Our La Paz host, Ruben, at Arthy's guesthouse rushed out into the morning traffic to flag us down a taxi and negotiate a fare to the airport. The flagged vehicle was a clapped out green rust bucket that blocked the traffic to shove our stuff into the boot. After a quick handshake with Ruben, we dived in the back and we were off before R had his second leg in and the door was shut. The journey to El Alto was characterised by rapid acceleration, coasting with the engine off, swerving wildly round minor road defects and heavy breaking as Big Bird swung manically from the rearview mirror.
The short-hop flight to Sucre, although in more reliable transport, was not hugely more relaxing. Due to the extreme altitude, planes need incredibly long runways to take off, and have to land at high speeds, braking harshly. In between times, this flight rarely seemed to scrape its wheels over the high peaks.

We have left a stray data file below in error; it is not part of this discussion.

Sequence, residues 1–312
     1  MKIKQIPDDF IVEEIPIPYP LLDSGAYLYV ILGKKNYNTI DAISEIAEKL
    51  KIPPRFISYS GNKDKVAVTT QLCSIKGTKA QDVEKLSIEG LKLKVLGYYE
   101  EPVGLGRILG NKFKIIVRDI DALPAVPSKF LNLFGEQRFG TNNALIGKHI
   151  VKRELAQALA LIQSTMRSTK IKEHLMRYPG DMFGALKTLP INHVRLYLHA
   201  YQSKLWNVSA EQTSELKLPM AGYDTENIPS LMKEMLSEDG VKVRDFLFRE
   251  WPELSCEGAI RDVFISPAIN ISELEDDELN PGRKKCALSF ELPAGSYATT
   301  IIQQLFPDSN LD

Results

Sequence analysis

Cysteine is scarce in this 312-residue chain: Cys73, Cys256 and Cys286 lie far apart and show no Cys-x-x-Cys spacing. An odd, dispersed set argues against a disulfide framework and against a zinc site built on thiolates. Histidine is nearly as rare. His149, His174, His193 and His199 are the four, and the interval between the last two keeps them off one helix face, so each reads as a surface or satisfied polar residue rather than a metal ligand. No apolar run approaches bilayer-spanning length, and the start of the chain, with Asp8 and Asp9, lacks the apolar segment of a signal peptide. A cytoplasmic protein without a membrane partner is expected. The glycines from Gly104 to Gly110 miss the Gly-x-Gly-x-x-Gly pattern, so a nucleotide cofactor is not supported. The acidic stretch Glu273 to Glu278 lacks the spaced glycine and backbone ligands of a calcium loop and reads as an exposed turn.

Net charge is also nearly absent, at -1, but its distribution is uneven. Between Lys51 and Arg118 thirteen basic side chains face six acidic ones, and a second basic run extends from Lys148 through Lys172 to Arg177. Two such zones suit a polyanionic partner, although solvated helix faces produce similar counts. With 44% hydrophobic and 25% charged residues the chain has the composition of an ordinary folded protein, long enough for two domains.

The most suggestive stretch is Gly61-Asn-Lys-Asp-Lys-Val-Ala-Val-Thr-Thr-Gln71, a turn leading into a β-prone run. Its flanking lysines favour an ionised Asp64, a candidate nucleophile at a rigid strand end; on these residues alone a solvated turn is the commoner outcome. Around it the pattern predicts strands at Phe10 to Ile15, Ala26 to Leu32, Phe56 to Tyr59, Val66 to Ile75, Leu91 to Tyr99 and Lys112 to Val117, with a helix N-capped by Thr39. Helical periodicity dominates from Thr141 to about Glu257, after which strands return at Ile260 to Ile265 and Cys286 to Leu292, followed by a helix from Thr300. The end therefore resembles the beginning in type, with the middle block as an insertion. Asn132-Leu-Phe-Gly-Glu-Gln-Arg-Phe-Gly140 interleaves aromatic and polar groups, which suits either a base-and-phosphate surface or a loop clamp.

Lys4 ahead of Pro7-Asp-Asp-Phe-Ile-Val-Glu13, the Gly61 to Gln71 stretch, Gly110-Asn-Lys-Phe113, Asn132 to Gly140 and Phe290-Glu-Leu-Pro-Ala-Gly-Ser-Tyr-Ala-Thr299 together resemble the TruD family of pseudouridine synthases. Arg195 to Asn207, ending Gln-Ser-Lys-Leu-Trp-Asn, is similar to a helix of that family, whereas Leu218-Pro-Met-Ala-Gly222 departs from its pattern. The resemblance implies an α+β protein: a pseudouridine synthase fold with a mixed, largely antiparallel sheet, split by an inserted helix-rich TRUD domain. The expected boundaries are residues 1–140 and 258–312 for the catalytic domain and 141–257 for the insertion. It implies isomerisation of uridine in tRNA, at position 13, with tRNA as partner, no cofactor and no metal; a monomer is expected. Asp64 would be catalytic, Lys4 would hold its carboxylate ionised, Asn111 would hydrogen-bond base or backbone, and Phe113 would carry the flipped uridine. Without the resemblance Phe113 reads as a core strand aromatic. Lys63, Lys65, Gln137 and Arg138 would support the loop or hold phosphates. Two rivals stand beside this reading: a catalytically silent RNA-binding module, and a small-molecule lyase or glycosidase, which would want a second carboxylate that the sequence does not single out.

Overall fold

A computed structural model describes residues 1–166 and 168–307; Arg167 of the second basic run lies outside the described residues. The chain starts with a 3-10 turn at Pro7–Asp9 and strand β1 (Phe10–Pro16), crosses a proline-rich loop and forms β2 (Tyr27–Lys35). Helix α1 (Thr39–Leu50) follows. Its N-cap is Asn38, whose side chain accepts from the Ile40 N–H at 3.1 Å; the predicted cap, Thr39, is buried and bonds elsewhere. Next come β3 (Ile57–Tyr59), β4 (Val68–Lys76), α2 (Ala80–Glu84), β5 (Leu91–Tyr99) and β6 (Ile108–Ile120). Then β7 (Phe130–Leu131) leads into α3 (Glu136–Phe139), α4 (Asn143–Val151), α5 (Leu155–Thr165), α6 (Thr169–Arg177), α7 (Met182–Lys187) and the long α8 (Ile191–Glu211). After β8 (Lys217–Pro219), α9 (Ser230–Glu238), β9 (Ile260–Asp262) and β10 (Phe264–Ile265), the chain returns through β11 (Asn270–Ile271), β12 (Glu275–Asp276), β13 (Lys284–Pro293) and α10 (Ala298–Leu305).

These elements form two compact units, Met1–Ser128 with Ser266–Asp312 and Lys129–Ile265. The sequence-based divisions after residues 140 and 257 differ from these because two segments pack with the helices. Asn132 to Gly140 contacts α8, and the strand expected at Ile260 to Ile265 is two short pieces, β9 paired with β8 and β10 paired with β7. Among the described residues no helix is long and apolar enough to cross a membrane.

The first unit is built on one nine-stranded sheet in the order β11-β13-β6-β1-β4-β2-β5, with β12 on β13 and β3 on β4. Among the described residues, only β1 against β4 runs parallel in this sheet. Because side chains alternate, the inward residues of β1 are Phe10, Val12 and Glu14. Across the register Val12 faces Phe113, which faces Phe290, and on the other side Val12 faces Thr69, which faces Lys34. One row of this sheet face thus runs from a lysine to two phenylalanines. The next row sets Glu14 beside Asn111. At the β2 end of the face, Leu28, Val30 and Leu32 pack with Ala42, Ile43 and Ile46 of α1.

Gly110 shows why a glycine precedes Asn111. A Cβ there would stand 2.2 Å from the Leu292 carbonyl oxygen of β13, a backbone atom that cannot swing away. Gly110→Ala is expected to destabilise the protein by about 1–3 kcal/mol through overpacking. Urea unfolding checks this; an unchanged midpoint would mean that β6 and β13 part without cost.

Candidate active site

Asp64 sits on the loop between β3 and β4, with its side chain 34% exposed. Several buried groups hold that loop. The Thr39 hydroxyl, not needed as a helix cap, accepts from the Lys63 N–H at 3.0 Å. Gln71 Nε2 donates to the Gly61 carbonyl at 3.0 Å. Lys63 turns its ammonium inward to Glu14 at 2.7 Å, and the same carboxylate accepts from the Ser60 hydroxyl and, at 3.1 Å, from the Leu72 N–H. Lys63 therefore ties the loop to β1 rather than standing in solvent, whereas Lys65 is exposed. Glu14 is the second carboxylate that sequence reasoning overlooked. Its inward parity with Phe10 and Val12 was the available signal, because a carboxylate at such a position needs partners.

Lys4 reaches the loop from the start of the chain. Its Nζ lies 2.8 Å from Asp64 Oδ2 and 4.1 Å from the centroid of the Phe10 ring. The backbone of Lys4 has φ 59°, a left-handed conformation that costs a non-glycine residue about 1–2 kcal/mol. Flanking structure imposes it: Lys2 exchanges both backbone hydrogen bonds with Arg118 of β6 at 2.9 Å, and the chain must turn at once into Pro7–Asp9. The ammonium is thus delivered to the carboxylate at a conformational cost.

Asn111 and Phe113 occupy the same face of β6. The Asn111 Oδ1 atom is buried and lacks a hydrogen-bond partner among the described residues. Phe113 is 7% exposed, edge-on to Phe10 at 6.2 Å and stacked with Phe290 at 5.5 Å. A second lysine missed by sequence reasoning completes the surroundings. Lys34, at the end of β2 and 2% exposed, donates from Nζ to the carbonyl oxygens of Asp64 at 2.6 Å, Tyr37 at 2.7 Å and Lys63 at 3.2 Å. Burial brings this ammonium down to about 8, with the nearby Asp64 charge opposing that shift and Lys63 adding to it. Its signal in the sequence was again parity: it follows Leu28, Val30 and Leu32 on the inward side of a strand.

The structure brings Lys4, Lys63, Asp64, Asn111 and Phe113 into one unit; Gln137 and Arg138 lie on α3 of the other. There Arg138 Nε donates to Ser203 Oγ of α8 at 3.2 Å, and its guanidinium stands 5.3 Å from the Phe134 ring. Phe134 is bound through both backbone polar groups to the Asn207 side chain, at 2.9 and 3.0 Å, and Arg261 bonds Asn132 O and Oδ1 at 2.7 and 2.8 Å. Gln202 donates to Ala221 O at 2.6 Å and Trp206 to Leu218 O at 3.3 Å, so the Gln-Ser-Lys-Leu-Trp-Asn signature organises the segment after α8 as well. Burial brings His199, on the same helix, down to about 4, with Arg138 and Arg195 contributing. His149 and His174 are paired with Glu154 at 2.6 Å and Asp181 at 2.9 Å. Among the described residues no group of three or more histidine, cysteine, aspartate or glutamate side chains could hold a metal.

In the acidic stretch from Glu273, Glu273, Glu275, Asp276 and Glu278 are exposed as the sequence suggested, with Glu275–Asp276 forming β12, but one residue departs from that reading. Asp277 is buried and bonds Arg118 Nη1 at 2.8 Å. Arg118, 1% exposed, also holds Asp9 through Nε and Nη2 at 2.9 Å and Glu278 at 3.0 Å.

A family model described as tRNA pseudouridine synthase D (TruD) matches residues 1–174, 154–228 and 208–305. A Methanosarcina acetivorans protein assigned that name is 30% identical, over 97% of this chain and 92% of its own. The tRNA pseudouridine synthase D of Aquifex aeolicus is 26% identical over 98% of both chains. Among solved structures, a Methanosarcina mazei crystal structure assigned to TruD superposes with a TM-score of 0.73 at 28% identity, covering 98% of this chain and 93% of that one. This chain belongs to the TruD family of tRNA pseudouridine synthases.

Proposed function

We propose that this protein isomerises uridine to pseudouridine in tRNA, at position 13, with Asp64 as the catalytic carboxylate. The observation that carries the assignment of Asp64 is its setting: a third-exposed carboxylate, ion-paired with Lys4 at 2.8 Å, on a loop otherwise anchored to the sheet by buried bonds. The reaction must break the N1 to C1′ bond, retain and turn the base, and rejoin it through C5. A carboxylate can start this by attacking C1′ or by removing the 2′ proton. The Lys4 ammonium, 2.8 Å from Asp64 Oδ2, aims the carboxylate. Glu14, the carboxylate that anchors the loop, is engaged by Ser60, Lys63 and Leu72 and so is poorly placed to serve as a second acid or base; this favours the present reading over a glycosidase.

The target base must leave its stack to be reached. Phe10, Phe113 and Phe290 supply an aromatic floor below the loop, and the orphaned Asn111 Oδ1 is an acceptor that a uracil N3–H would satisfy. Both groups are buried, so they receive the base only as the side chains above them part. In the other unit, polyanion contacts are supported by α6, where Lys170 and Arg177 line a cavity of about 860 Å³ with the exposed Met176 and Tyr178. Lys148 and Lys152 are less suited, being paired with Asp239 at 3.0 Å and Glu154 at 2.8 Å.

In the centre, Sucre is all elegance and colonial splendour hinting at its former status as national capital. From the main square we took the Dino Truck to the still operational National Cement Quarry. Here, 25 years ago, quarry workers discovered what has turned out to be the biggest palaentological site in the world. 5000 footprints from 320 different dinosaurs scale the steep quarry wall. Where once the ground was flat, the tracks were preserved under silt deposits left by the Atlantic ocean and then turned vertical when the Andes were created by tectonic shifting. Fortunately the deposits included manganese oxide, useless for cement, and so they were left undisturbed by the quarry workers.
Palaentologists are fairly philosophical that they will erode quite quickly, now they are exposed to sun, wind and rain, and even the preservation work due to begin with the support of UNESCO will not be enough to stop the eventual fall of the limestone wall due to seismic activity. However, their confidence stems from the belief that this layer is only the beginning. There is more beneath.